NEW ALBANY —
Measures to approve funding for paving and additional tornado sirens will be before the New Albany City Council on Monday.
After months of discussion, the council is slated to vote on footing $2 million in paving this year with Economic Development Income Tax funds.
Initially, the council had considered bonding as much as $5 million of paving, but the majority of the body felt borrowing money for resurfacing wasn’t a good idea.
Councilman John Gonder said during a work session this week that the city is already incurring more debt since a bond was approved for an aquatic center and other quality-of-life projects that are projected to cost up to $18 million. Through EDIT, the council has the means to fund $2 million in paving this year and in 2014 without having to pay interest, he continued.
“If we don’t have enough discipline to do that, then shame on us,” Gonder said.
The appropriation measure states that $2 million will be spent on paving and sidewalks. However Councilman Dan Coffey — who supported bonding a paving campaign this year — said he’s skeptical that there will be enough remaining funds to spend on sidewalk installation and repair after resurfacing efforts are covered.
“You’re not going to have the money to do the sidewalks and to do [the paving] and do it right,” he said.
It will take three ballots to approve the funding, and the appropriation is set for two readings Monday.
The final vote on the paving funding will likely be taken May 16.
MORE SIRENS PROPOSED
The council is also scheduled to take two votes on appropriating $45,783 of riverboat funds to purchase and install two tornado sirens. The sirens would be added at Bicknell Park and the Spring Street fire station.
Councilman Greg Phipps is the sponsor of the measure, and said the additional sirens would provide a better warning system for downtown.
Floyd County has funded some sirens in the past, and others were purchased through grant funds, Floyd County Emergency Management Agency Director Terry Herthel said Friday.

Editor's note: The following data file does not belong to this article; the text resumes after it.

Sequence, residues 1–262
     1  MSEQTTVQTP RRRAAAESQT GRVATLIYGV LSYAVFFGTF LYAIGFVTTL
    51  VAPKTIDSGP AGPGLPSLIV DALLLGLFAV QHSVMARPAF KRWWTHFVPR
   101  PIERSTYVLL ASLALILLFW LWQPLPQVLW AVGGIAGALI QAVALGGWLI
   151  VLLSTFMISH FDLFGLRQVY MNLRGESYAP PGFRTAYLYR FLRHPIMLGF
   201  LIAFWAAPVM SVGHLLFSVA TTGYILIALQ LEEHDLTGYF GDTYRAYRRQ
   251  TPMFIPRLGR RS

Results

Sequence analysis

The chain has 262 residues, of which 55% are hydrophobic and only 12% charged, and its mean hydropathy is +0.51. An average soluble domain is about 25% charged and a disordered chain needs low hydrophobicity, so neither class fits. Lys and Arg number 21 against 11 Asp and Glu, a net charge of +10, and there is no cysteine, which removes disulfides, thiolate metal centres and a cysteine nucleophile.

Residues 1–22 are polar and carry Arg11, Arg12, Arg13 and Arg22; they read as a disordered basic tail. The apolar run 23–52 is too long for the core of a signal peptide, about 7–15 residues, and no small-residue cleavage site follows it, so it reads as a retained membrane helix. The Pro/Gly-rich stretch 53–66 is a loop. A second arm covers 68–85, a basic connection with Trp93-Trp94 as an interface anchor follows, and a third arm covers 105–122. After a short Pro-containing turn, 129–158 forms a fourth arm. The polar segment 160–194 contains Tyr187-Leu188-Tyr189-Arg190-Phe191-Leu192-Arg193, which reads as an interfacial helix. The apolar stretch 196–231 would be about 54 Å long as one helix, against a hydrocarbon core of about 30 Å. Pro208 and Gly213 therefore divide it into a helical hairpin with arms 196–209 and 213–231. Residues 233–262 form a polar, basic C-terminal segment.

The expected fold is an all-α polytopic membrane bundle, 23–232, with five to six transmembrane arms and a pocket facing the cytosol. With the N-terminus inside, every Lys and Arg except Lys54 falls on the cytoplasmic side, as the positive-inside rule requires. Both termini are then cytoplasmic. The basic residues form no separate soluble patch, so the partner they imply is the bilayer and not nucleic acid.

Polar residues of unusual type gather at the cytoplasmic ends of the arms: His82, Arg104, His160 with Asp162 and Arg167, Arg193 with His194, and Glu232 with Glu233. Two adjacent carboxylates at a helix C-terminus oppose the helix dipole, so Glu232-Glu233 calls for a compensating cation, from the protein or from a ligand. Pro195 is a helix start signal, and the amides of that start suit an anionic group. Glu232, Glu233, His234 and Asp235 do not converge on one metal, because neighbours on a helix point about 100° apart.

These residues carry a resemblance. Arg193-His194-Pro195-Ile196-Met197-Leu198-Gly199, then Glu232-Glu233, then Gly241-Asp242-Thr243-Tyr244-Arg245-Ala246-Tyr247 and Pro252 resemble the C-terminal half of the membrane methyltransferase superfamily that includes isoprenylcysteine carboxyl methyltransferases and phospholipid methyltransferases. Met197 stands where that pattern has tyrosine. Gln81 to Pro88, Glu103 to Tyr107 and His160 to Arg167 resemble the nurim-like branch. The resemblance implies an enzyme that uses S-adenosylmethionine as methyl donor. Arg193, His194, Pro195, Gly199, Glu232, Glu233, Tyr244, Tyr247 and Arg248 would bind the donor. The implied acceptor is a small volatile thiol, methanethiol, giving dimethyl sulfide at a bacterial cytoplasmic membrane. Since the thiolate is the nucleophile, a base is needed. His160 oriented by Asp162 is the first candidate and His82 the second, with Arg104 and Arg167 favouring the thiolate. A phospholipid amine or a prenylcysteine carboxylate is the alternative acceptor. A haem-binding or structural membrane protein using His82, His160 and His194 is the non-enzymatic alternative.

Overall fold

In conjunction with the initial ballots on the appropriation, the council is scheduled to vote on a resolution Monday that asks the county to contribute toward the siren costs. In a draft letter set to be sent after Monday’s vote, Council President Pat McLaughlin requests the county maintain the new sirens along with the sirens already in place.
“While we are willing to incur the costs, we are hoping that the county will see its mutual interest in promoting the implementation and use of sirens and safety measures such as this,” McLaughlin stated in the letter.
Several council members have said they doubt the county will pay toward the expense, but that the city should at least ask.
There are 16 tornado sirens located in Floyd County, according to Herthel, which includes one that was purchased by Indiana University Southeast. He said the first sirens were installed around 2000 in Floyd County, and that they have a sound radius of about two miles.
Though Floyd County is one of the smallest counties in the state based on land area, Herthel said it would be difficult and expensive to install sirens to provide coverage throughout the entire county. The two new sirens would provide a pretty wide blanket of coverage in the city, but there are areas in the county such as Floyds Knobs that are out of earshot of the advance warning systems, he continued.
As he wrote in a letter to the council, Herthel is a big proponent of other forms of severe weather notification.
“We need to get the word out about weather radios,” he said.
According to Herthel, the sirens are typically set off in unison through a switch at the Floyd County Sheriff’s Department.
“Our county is so small, if you set off one siren, you might as well set them all off,” he said.
SO YOU KNOW
• The New Albany City Council will meet at 7:30 p.m. Monday, May 6, in the third-floor Assembly Room of the City-County Building.